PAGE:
Saturday, February 21, 2015

The Philosophy of StoryNoir

I have been a writer for a long time. It has been a great and happy occupation. It gives me solace and diversion in troubled times and in good times recreation and delight. I have written much, mostly from personal experience; I am a puzzler over experience. I get inspiration from the Internet and my computer too. My computer has eased the terrific burden of constant retyping, which has allowed me to edit a piece till I am vaguely content. Also, I have finally been able to make artistic decisions and stick to them. My characters appear, they explain themselves. I have learnt over the years some general understandings. Perhaps you will find them interesting.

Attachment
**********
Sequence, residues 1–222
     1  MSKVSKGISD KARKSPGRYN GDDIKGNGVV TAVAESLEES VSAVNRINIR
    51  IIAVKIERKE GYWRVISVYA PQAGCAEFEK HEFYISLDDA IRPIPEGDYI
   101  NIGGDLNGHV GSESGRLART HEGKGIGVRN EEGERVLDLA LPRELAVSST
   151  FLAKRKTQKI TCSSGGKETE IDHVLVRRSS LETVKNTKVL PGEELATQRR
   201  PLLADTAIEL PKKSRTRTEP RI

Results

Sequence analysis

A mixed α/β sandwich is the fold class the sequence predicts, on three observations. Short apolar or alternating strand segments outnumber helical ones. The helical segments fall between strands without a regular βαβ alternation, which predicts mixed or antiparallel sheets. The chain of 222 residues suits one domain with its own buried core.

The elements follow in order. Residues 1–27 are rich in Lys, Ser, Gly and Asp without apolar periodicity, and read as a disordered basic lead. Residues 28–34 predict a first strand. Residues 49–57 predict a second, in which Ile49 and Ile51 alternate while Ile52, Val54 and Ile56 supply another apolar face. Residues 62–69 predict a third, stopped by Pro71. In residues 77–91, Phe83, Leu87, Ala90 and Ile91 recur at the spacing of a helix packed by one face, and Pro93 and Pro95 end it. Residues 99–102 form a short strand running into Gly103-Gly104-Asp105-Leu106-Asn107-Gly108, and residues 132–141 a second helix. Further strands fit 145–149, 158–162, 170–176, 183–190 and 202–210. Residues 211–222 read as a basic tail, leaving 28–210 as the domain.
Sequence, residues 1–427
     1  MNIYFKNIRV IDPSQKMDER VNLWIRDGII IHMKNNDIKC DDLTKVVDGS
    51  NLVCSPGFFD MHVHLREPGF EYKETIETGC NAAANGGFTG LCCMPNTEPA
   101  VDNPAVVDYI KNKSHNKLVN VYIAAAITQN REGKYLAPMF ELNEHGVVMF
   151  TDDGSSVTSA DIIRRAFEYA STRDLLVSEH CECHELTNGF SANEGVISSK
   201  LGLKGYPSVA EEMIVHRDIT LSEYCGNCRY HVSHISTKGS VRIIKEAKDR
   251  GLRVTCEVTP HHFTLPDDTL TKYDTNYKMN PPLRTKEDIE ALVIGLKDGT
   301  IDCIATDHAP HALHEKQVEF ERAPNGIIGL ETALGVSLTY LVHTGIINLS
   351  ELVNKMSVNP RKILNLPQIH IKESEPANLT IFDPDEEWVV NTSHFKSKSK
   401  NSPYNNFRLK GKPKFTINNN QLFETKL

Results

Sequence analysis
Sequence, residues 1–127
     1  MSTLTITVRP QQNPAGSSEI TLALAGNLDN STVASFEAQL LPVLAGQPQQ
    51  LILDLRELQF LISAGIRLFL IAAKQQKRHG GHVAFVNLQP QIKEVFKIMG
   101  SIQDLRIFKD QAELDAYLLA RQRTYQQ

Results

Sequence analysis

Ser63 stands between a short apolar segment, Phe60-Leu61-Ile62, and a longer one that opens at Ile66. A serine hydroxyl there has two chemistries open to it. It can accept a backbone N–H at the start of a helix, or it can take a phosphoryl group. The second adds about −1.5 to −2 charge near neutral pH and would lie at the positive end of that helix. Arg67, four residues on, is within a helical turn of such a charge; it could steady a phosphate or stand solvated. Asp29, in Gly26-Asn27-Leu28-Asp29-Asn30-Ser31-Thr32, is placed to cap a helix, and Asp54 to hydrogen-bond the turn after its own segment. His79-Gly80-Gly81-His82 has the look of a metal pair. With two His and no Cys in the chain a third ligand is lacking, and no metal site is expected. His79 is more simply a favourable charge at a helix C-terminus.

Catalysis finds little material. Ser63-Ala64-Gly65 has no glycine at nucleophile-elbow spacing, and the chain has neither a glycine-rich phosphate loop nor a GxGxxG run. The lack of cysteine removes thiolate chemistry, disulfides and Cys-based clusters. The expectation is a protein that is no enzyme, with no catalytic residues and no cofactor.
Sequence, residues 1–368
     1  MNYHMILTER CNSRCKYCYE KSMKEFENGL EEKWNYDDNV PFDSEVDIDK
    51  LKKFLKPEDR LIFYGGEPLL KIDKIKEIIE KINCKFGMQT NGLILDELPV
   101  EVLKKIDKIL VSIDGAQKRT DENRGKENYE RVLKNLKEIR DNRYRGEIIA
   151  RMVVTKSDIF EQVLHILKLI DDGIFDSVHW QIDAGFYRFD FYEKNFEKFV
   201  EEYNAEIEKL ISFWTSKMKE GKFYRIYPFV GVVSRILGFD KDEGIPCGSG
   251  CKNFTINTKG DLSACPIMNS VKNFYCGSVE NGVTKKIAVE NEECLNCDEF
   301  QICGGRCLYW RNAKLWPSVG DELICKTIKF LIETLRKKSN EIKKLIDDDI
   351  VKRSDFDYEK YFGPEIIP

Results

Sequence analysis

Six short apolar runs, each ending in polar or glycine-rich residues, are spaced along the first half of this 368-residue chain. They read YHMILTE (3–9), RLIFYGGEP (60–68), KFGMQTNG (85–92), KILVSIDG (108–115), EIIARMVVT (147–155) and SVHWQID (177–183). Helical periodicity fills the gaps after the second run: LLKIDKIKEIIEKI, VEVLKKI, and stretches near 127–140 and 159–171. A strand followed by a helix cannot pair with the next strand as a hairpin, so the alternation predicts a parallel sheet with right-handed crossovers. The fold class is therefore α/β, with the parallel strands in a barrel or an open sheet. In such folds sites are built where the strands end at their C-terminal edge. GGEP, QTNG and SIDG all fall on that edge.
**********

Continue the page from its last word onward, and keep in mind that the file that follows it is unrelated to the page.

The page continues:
Autobiographic writing is not my favorite. I dream of writing imaginative stories. I have tried for a long time to learn how to use the imagination. I didn’t want to let the imagination get extreme. Usually that’s what happens. As we all know, wildly imaginative writing can be popular. But even if you have art burning inside you, you shouldn’t need to suspend disbelief to the point that you wonder whether you must be cracking up! Why should I feel like a lunatic for reading a book and actually believing in it? Even worse, suppose I am writing the book? Truth interests me, and it is in my nature to be skeptical. But I don’t think anymore that truth, in the sense of experience, has much to do with the real world. Truth has more to do with the unreal world. When you are driving in traffic and an extra long stop light irritates you, the stoplight is engaging you in a truth of experience. But truths of experience (data) like stoplights come and go. Untruths flicker and vanish, they may be suitable to the occasion, but truths of experience may act similarly. The kind of experience that concerns me is stubborn and persistent. This experience has a quality of truth that finds a niche in the world and it persists, and damned if you are not stubbing your toe on it your whole life! That's what I mean by realism: not what comes and goes but rather the patterns that are incessantly THERE; and it seems like at times they're gonna drive you crazy, so you try to forget about them, ignoring them. So I try to stick to these truths of experience. The fact that although important, they are ignored or forgotten is, I think, worth puzzling over. I try to be realistic. I haven’t gone off into fantasy. The upshot is that if you go by this notion of stubborn facts the writing must be believable. You don't have to drive yourself crazy wondering why you have to suspend belief to such an extreme. But you still have to use your imagination to get there. Stubborn facts don't just present themselves; everybody has to search for them.